"A pleading that states a claim for relief must contain . . . a short and plain statement of the claim showing that the pleader is entitled to relief." Fed.R.Civ.P. 8(a). The statement required by Rule 8(a)(2) must give the defendant fair notice of what the . . . claim is and the grounds upon which it rests. Erickson v. Pardus, 551 U.S. 89, 93, 127 S. Ct. 2197, 167 L. Ed. 2d 1081 (2007) (per curiam) (quoting Bell Atl. Corp. v. Twombly, 550 U.S. 544, 555, 127 S. Ct. 1955, 167 L. Ed. 2d 929 (2007)). Detailed factual allegations are not required. Twombly, 550 U.S. at 555. However, mere conclusory statements will not do; "a complaint must do more than allege the plaintiff's entitlement to relief." Fowler v. UPMC Shadyside, 578 F.3d 203, 210 (3d Cir. 2009). Instead, a complaint must "show" this entitlement by alleging sufficient facts. Id. "While legal conclusions can provide the framework of a complaint, they must be supported by factual allegations." Ashcroft v. Iqbal, 556 U.S. 662, 129 S. Ct. 1937, 1950, 173 L. Ed. 2d 868 (2009). As such, "[t]he touchstone of the pleading standard is plausability." Bistrian v. Levi, - - - F.3d - - - , 2012 WL 4335958, at *8 (3d Cir. Sept. 24, 2012).
The inquiry at the motion to dismiss stage is "normally broken into three parts: (1) identifying the elements of the claim, (2) reviewing the complaint to strike conclusory allegations, and then (3) looking at the well-pleaded components of the complaint and evaluating whether all of the elements identified in part one of the inquiry are sufficiently alleged." Malleus v. George, 641 F.3d 560, 563 (3d Cir. 2011).
Dismissal is appropriate only if, accepting as true all the facts alleged in the complaint, a plaintiff has not pleaded "enough facts to state a claim to relief that is plausible on its face," Twombly, 550 U.S. at 570, meaning enough factual allegations "'to raise a reasonable expectation that discovery will reveal evidence of'" each necessary element. Phillips v. County of Allegheny, 515 F.3d 224, 234 (3d Cir. 2008) (quoting Twombly, 550 U.S. at 556). "The plausibility standard is not akin to a 'probability requirement,' but it asks for more than a sheer possibility that a defendant has acted unlawfully." Iqbal, 129 S. Ct. at 1949. "When there are well-pleaded factual allegations, a court should assume their veracity and then determine whether they plausibly give rise to an entitlement to relief." Iqbal, 129 S. Ct. at 1949.
In deciding a motion to dismiss, the Court should consider the allegations in the complaint, exhibits attached to the complaint, and matters of public record. See Pension Benefit Guar. Corp. v. White Consol. Indus., Inc., 998 F.2d 1192, 1196 (3d Cir. 1993). The Court may also consider "undisputedly authentic" documents when the plaintiff's claims are based on the documents and the defendant has attached copies of the documents to the motion to dismiss. Id. The Court need not assume the plaintiff can prove facts that were not alleged in the complaint, see City of Pittsburgh v. W. Penn Power Co., 147 F.3d 256, 263 & n.13 (3d Cir. 1998), or credit a complaint's "'bald assertions'" or "'legal conclusions.'" Morse v. Lower Merion Sch. Dist., 132 F.3d 902, 906 (3d Cir. 1997) (quoting In re Burlington Coat Factory Sec. Litig., 114 F.3d 1410, 1429--30 (3d Cir. 1997)).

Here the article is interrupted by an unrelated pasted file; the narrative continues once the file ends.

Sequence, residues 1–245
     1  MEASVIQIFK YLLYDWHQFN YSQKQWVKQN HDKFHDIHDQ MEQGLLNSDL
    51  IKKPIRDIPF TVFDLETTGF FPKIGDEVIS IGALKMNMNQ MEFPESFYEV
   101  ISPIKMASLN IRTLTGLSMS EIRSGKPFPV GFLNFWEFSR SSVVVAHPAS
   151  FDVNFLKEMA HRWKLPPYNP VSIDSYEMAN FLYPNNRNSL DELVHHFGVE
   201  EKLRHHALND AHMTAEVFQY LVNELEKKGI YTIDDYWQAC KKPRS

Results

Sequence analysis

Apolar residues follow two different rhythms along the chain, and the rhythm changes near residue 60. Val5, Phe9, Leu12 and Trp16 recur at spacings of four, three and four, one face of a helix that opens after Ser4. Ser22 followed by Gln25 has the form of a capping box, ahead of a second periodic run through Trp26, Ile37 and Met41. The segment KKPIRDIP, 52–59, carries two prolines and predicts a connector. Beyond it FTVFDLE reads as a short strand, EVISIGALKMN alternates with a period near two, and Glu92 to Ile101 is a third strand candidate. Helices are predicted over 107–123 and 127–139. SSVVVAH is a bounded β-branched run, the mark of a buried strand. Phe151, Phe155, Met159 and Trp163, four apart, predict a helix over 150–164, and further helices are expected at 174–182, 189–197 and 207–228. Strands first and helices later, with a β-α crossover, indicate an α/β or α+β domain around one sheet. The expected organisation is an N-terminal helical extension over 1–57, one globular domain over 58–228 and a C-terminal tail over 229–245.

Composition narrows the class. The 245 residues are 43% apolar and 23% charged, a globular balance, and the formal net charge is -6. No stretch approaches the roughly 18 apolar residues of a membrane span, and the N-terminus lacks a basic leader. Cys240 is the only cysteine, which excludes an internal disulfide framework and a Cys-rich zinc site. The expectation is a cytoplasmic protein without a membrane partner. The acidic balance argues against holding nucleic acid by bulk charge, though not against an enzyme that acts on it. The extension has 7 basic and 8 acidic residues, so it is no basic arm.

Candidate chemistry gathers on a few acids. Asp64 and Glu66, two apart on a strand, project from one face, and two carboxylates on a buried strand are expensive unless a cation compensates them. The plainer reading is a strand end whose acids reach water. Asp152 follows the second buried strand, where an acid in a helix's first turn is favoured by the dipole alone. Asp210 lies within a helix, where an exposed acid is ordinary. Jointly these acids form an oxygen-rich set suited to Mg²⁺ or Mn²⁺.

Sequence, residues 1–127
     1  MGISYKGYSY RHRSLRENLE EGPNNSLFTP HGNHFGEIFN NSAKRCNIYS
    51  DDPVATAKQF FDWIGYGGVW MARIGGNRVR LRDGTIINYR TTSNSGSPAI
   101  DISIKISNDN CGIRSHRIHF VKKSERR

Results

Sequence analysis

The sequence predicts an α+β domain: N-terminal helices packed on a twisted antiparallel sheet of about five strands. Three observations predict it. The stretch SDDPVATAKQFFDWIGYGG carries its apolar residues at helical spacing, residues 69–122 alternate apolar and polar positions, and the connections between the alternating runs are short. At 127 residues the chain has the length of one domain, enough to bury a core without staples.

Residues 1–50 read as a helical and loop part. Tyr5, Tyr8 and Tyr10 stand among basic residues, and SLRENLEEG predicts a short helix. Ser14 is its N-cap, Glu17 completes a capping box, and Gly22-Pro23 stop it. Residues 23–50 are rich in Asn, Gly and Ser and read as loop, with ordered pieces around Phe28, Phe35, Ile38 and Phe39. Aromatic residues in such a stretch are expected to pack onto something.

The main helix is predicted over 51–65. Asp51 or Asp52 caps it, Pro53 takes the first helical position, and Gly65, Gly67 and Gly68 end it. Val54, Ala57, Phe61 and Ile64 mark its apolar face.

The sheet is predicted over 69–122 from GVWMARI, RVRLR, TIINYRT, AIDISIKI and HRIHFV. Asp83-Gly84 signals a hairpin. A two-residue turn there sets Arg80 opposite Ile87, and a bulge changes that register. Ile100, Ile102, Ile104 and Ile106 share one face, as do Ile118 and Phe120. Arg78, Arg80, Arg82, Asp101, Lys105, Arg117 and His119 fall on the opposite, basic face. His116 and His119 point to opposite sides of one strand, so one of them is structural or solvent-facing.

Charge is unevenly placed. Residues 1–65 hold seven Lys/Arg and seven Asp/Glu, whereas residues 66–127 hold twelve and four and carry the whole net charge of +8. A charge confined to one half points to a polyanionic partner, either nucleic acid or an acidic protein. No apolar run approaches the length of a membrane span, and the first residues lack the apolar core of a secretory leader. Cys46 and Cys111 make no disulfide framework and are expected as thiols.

2. Section 1983
Plaintiff's claims against Defendants are asserted pursuant to 42 U.S.C. § 1983. Section 1983 provides that "[e]very person who, under color of any statute, ordinance, regulation, custom, or usage ... subjects, or causes to be subjected, any citizen ... or any other person ... to the deprivation of any rights, privileges, or immunities secured by the Constitution and laws, shall be liable to the party injured." Section 1983 "is not itself a source of substantive rights, but a method for vindicating federal rights elsewhere conferred by those parts of the United States Constitution and federal statutes that it describes." City of Monterey v. Del Monte Dunes, 526 U.S. 687, 749 n. 9, 119 S. Ct. 1624, 143 L. Ed. 2d 882 (1999) (quoting Baker v. McCollan, 443 U.S. 137, 144 n. 3, 99 S. Ct. 2689, 61 L. Ed. 2d 433 (1979)). "To establish liability under 42 U.S.C. § 1983, a plaintiff must show that the defendants, (1) acting under color of law, (2) violated the plaintiff's federal constitutional or statutory rights, (3) and thereby caused the complained of injury." Elmore v. Cleary, 299 F.3d 279, 281 (3d Cir. 2005) (citing Sameric Corp. of Del., Inc. v. City of Phila., 142 F.3d 582, 590 (3d Cir. 1998)).
B. First Amendment Retaliation
Defendants seek dismissal of Plaintiff's First Amendment retaliation claims, Counts I, III, and IV of Plaintiff's Second Amended Complaint. "In order to plead a retaliation claim under the First Amendment, a plaintiff must allege: (1) constitutionally protected conduct, (2) retaliatory action sufficient to deter a person of ordinary firmness from exercising his constitutional rights, and (3) a causal link between the constitutionally protected conduct and the retaliatory action." Thomas v. Independence Twp., 463 F.3d 285, 296 (3d Cir. 2006) (citing Mitchell v. Horn, 318 F.3d 523, 530 (3d Cir. 2003)). "'The key question in determining whether a cognizable First Amendment claim has been stated is whether the alleged retaliatory conduct was sufficient to deter a person of ordinary firmness from exercising his First Amendment rights.'" Id. (quoting McKee v. Hart, 436 F.3d 165, 170 (3d Cir. 2006)). Thus, "[t]he effect of the alleged conduct on the employee's freedom of speech 'need not be great in order to be actionable,' but it must be more than de minimis." McKee, 436 F.3d at 170 (quoting Bart v. Telford, 677 F.2d 622, 625 (7th Cir. 1982)).
1. Retaliation for Filing the State Court Action (Count I)
In Count I of the Second Amended Complaint, Plaintiff alleges that Defendants retaliated against him in violation of his First Amendment rights by refusing to process his application to the FOP as punishment for commencing the state court action against Clifford Township in 2009. Defendants argue that Count I fails to adequately allege a causal link between the constitutionally protected conduct and the retaliatory action.